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“The word used in the Beatitudes is, rather, ‘makarios‘. This Greek term had a long pre-Biblical history. It refers not to a relationship between things but to a state of being marked by happiness or bliss… Recognizing this term is important to understand the argument of St. James’ epistle. He states that the one who hears the Torah and truly keeps it will be blessed (makarios) in all that he does (Jam 1:25). He is not here claiming that if one keeps the commandments perfectly they will have health, wealth, and success. Rather, he is saying that throughout a person’s life, in everything that person does, if they keep the commandments they will experience the peace, joy, and bliss of knowing God regardless of life’s circumstances.” (Father Stephen De Young)

“Prayer is the way to renewal and spiritual life. Prayer is aliveness to God. Prayer is strength, refreshment, and joy. Through the grace of God and our disciplined efforts prayer lifts us up from our isolation to a conscious, loving communion with God in which everything is experienced in a new light. Prayer becomes a personal dialogue with God, a spiritual breathing of the soul, a foretaste of the bliss of God's kingdom.” (GOA Department of Religious Education)

“One of the silliest phrases we use is “ignorance is bliss.” The opposite is true. Truth is bliss and Christ is truth. The more we are united with Christ, and act, think, and speak like Him from our hearts, the more we experience bliss that transcends worldly understanding. “Follow your bliss” is also wrongheaded. No amount of human achievement yields this bliss. It comes only through communion with God. The word Adam means “man” and one of the translations of the word Eden means “bliss.” When man was in unbroken and unstained communion with God, as Adam once was in Eden, he was in bliss. When we devote ourselves to Christ and strive from our hearts to be one with Him, we gain a foretaste of that bliss in this world that we will experience eternally with Him in the Kingdom. This is why it makes no sense to pursue or put anything in this life before Him.” (Sacramental Living Ministries)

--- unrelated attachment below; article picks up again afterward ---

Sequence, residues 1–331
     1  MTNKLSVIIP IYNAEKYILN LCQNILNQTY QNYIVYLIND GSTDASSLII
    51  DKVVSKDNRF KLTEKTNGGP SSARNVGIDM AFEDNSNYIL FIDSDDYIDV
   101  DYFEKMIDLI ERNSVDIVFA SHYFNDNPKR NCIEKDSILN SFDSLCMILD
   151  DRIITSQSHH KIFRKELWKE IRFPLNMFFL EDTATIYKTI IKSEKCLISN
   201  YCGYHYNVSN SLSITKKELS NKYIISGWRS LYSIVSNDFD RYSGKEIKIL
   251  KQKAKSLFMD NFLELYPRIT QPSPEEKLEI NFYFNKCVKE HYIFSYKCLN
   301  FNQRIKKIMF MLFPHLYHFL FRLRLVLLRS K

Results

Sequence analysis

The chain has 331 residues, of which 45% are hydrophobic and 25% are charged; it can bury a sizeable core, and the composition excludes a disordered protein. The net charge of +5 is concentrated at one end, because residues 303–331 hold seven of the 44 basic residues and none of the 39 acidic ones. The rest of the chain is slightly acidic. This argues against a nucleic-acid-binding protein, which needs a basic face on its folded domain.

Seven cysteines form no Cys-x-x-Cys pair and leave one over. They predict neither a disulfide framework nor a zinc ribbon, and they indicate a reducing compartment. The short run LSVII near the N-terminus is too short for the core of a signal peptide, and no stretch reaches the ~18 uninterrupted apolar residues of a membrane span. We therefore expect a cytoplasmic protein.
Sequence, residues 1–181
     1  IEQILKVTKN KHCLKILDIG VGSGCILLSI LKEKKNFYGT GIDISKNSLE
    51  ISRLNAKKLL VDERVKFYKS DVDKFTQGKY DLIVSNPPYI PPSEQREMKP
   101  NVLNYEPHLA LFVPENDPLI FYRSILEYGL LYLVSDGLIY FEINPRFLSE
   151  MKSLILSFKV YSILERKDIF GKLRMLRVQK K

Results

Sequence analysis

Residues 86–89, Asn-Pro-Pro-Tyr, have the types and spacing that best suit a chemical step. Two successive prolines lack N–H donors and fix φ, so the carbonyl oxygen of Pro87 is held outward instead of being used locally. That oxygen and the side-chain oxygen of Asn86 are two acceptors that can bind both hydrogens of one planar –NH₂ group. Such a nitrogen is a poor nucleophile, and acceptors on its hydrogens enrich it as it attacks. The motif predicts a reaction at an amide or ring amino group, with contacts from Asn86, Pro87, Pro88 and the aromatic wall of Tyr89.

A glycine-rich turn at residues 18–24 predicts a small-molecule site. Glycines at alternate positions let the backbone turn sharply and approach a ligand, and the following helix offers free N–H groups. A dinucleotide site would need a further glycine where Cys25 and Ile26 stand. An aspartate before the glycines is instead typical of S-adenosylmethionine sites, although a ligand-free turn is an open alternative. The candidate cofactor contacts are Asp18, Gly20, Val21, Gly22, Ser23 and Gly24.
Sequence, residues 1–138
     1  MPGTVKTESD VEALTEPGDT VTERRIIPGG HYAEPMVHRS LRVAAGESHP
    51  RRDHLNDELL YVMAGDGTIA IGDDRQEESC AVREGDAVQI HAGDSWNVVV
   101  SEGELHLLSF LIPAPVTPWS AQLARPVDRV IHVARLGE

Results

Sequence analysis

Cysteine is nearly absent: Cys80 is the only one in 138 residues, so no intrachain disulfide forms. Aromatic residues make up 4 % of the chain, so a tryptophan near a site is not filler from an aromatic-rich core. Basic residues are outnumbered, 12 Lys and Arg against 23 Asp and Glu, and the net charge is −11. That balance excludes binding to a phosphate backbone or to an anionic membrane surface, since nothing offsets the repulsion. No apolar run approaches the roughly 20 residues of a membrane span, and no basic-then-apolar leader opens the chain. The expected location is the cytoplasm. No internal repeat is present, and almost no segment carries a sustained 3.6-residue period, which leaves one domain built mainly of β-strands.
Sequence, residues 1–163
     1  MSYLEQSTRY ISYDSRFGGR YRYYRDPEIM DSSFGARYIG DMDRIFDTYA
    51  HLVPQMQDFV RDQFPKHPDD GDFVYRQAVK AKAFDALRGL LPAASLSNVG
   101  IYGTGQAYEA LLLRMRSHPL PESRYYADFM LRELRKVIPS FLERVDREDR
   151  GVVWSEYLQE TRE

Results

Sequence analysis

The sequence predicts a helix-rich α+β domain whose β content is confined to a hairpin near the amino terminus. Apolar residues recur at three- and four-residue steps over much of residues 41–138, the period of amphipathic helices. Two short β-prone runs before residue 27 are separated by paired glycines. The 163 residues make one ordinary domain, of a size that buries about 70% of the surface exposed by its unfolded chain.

“Unfortunately, all too few arrive at bliss. We are let to believe the prevailing assumptions underlying our culture that the purpose of life is to consume, indeed it is the mark of a good citizen, because the economy depends on buying what one does not really need and may never use. It’s the patriotic thing to do. Besides, it gives credence to the myth that one can pursue and eventually overtake happiness with money, as in the caustic remark that the one who dies with the most toys wins. The label “consumer” doesn’t offend us. If that is our belief, life will be little more than getting and spending, exalting then trashing even more idols from the areas of entertainment and athletics to feed the insatiable cravings of an empty life. If this describes who you are, then bliss is not for you. Be content with the pursuit of happiness, even though it continually eludes you.” (Very Rev. Vladimir Berzonsky)

“If, the Christian lives devoutly, justifying his faith in doing good works for the needy, loving his neighbor, obeying God's commandments and practicing them daily, his life will be uplifted by the Spirit of God, and he would be free from all forces of evil. Life was meant to be a blissful state of harmony and peace in the knowledge of and faith in God. This blissful state is what God intended for man, and can be attained only through his constant alertness against evil, for "Do not be overcome by evil, but overcome evil with good" (Rom. 12:21); "Therefore, take the whole armor of God, that you may be able to withstand in the evil day, and having done all, to stand". Ephesians 6:13.” (Rev. George Mastrantonis)


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